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Discussion Starter #1
In my G-Shock manuals they all state that the Electro-Luminescent panel "loses power after very long use". Does anyone have their G-Shock luminescent panel die on them?

I'm wondering that with the auto-illumination turned on, how many uses can we get out of the luminescent panel before it dies.

Thanks.
 

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The EL panel should last about 100 hours atleast, and if you use the EL for an average of 20 seconds a day then thats just a little over 2 hours per year so it should then last for over 50 years...

But I think it can be used for even more then 100 hours if the hours is used fast when it is newer. The EL material I think degrades over time and becomes weaker but atleast 20-30 years should be no problem...
 

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Discussion Starter #3
Thanks Joakim,

What you said sounds reasonable. I just wish that Casio states such information in the spec. in their manuals.
 

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I'm wondering that with the auto-illumination turned on, how many uses can we get out of the luminescent panel before it dies.
I'd stop worrying about that issue. These backlight panels have been built into PDAs for several years (before color LCDs were common) and they were illuminated for much longer time in a couple of days than a G-SHOCK EL panel is likely to be subjected to in the watches whole life.
 

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Actually I have seen G-Shocks with very poor EL on them. One is about 5 years old and the other about 6. The EL is very very dim. So I guess it depends.
From my experience this is more likely due to manufacturing tolerance and battery level rather than aging EL panels. That is, unless they're extremely dim with a brand new battery...
 

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From my experience this is more likely due to manufacturing tolerance and battery level rather than aging EL panels. That is, unless they're extremely dim with a brand new battery...
Or unless you're talking about an EL panel from a solar powered G. Those are commonly known to be dimmer than the EL from a non-solar watch.

:-!
 

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Both the watches were solar powered frogs that I really wanted. On the Gold Defender, the EL was so bad, I could only see it in total darkness. On the red jelly ICERC, it was only slightly better. And in both cases, the battery was fully charged. In fact, on the red jelly, the battery was new, just changed by Casio.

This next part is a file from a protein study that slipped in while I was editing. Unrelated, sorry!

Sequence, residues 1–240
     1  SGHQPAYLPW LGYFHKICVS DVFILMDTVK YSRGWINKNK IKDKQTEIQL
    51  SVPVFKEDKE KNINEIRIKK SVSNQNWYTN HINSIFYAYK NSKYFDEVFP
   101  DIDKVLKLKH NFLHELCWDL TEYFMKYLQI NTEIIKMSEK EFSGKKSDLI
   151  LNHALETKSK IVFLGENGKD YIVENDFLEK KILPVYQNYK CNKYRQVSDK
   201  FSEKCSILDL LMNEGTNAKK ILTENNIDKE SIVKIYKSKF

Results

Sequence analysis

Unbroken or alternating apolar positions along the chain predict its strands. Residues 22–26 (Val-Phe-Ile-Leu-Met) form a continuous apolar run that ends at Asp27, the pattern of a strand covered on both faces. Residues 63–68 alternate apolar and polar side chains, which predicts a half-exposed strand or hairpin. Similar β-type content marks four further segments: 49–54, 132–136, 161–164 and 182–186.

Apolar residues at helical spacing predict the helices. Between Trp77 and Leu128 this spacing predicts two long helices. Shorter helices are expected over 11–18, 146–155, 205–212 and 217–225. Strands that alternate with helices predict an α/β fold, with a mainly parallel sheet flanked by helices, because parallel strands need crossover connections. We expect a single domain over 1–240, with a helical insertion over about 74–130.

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Or unless you're talking about an EL panel from a solar powered G. Those are commonly known to be dimmer than the EL from a non-solar watch.
And this, I presume, is -besides manufacturing tolerances- due to the fact that this is the result of the rechargeable cells having less oomph and/or the brightness is deliberately turned down to use less power.

Anyway, based on my experience with EL panels in other devices, I really don't even think about the brightness decreasing with use.

Remember that not only PDAs have used this type of backlight. EL panels have been used in nightlights and car dashboards (see http://en.wikipedia.org/wiki/Electroluminescence), clearly designed for extended illumination durations. If significant fading really was an issue, EL panels obviously wouldn't be the technology of choice for those applications.
 

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Or unless you're talking about an EL panel from a solar powered G. Those are commonly known to be dimmer than the EL from a non-solar watch.

:-!
aww man really? how long do solar el's last, anybody know?:-s
 

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As some other posters have indicated, the life of ELs is probably entirely academic, unless there is a fault in manufacture.

I'm pretty sure my lights will start to fade before those on my watches. ;-)
 

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Electro Luminescent displays longevity is directly dependent on the temperature where it is being used and also the amount of substance used. So different EL panels will have different life span. EL molecules degrade over time since they are bio degradebale. This means that the light output gradually decline, to achieve sufficent brigthness then it means more and more of the substance will be required to achieve it. Also more power will be required to light it up sufficently...

Therefor the EL panels in G-Shocks can not last as long as the EL panel in some other bigger, high power panels such as PDA's or other stuff that has a much thicker layer of the stuff and stronger batteries.

So I estimate about 20-30 years of use in a G-Shock!
 

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thats strange i have a dw-5400 from 1984-85 and the bulb light still works fine, so im assuming that the old style lighting lasts longer than the new EL's???
 

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thats strange i have a dw-5400 from 1984-85 and the bulb light still works fine, so im assuming that the old style lighting lasts longer than the new EL's???
The old style bulbs also known as Incandescent lights do not degrade over time. they always have a fixed burntime. But they can break from shocks more easily then EL panels.

How long they last depend mostly on the amount of use...

Your watch is then 23-24 years old and I think that EL's will last that long. Up to 30 years with 20 seconds per day use is my estimate...
 
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